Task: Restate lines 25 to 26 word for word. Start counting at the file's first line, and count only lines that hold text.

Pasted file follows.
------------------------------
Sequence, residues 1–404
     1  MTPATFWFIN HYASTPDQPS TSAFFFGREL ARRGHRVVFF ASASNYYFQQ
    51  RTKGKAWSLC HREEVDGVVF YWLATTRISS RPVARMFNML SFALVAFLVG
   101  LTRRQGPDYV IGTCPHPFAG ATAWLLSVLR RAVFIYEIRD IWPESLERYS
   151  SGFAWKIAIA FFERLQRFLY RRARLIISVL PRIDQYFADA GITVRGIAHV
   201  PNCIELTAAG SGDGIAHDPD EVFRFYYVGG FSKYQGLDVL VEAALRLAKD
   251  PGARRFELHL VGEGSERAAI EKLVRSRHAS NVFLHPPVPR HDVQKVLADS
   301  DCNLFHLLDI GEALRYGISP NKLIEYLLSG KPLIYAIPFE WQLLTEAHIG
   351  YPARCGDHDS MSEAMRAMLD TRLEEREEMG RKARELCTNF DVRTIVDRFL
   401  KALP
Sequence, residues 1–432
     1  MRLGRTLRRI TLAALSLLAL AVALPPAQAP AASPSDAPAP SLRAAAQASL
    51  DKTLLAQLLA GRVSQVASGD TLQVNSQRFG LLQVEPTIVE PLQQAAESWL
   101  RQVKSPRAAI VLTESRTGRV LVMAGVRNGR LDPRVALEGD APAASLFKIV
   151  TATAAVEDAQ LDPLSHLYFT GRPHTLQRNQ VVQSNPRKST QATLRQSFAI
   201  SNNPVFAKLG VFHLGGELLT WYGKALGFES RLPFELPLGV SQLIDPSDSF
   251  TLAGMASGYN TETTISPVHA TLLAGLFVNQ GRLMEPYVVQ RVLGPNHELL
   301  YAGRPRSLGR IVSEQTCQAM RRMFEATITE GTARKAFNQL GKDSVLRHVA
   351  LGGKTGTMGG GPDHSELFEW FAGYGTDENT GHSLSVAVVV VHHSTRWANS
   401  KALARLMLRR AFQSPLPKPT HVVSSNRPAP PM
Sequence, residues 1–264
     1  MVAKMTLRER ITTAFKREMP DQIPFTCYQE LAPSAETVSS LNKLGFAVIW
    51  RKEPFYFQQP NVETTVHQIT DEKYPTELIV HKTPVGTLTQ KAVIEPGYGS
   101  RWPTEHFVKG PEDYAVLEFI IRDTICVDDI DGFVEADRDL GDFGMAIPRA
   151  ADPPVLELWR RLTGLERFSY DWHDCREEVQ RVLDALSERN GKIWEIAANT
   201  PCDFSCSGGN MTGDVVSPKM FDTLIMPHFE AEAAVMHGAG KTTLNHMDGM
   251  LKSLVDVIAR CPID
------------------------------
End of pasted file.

   151  ADPPVLELWR RLTGLERFSY DWHDCREEVQ RVLDALSERN GKIWEIAANT
   201  PCDFSCSGGN MTGDVVSPKM FDTLIMPHFE AEAAVMHGAG KTTLNHMDGM